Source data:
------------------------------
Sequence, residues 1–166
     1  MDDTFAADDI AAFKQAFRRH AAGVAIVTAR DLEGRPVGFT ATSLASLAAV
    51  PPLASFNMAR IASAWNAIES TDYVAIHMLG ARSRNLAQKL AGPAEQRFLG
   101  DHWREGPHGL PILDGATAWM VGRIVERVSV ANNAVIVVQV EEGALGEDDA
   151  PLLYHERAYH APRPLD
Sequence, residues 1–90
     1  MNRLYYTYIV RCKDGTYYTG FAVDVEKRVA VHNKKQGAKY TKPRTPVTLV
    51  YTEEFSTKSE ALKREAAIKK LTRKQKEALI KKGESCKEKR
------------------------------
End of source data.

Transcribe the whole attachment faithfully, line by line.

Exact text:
Sequence, residues 1–166
     1  MDDTFAADDI AAFKQAFRRH AAGVAIVTAR DLEGRPVGFT ATSLASLAAV
    51  PPLASFNMAR IASAWNAIES TDYVAIHMLG ARSRNLAQKL AGPAEQRFLG
   101  DHWREGPHGL PILDGATAWM VGRIVERVSV ANNAVIVVQV EEGALGEDDA
   151  PLLYHERAYH APRPLD
Sequence, residues 1–90
     1  MNRLYYTYIV RCKDGTYYTG FAVDVEKRVA VHNKKQGAKY TKPRTPVTLV
    51  YTEEFSTKSE ALKREAAIKK LTRKQKEALI KKGESCKEKR